The aggressive pace of weapons testing and rhetoric has raised alarm bells in the region, with the United States, South Korea and Japan responding with missile launches and joint military exercises.
Leif-Erik Easley, an associate professor of international studies at Oha Women’s University in Seoul, said North Korea is “trying to disrupt international cooperation against it by escalating military tensions and suggesting that it has the ability to hold American cities at risk.” There is a risk of a nuclear attack.
By CNN’s count, North Korea has conducted missile tests on 34 days this year, sometimes firing multiple missiles in a single day. This statistic includes cruise and ballistic missiles, which make up the most North Korean tests this year.
There are fundamental differences between these two types of missiles.
A ballistic missile is launched with a rocket and travels out of the Earth’s atmosphere, orbiting in space before re-entering the atmosphere and landing, moving towards its target using only gravity.
A cruise missile is powered by a jet engine, remains in the Earth’s atmosphere during its flight, and can be maneuvered with control surfaces similar to those of an airplane.
Ankit Panda, a senior fellow in the nuclear policy program at the Carnegie Endowment for International Peace, said that while he did not see Friday’s supposed ICBM launch as “a message in itself,” it could be seen as part of North Korea’s “process.” Capabilities that Kim has deemed necessary to modernize their nuclear forces.”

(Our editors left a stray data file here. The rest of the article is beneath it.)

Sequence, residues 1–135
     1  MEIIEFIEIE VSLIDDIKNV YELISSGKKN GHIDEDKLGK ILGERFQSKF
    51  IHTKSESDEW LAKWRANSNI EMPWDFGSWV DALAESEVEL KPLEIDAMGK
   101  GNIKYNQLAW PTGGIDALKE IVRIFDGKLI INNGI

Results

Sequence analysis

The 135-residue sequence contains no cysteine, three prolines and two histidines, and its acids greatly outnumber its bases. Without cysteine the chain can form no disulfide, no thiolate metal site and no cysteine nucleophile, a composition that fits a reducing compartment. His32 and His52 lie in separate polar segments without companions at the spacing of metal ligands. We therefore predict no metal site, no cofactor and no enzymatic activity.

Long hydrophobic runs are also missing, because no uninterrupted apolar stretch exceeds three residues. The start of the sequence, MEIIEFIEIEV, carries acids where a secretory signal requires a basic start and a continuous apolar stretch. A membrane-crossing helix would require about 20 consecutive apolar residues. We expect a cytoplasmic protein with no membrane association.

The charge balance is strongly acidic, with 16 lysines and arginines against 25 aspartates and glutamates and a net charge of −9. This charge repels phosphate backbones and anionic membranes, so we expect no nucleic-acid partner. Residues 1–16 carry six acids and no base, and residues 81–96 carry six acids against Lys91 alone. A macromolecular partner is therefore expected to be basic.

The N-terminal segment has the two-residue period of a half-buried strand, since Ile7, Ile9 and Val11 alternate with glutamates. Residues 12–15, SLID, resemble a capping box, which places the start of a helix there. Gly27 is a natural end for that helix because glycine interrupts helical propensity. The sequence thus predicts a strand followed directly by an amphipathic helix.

US and international monitors have warned for months that North Korea appears to be preparing for an underground nuclear test, with satellite images showing activity at the nuclear test site. Such a test will be the first test of this country in the last five years.
Jeffrey Lewis, director of the East Asia Nonproliferation Program at the Center for Nonproliferation Studies, said the ICBM test was designed to validate part of North Korea’s missile program, something Kim Jong Un has promised to do this year.
Lewis said the recent short-range tests were “exercises for front-line artillery units practicing preemptive nuclear strikes.”
He denied any political or negotiating message from these tests.
“I don’t think about these tests as a signal primarily. North Korea is not interested in talking right now,” Lewis said.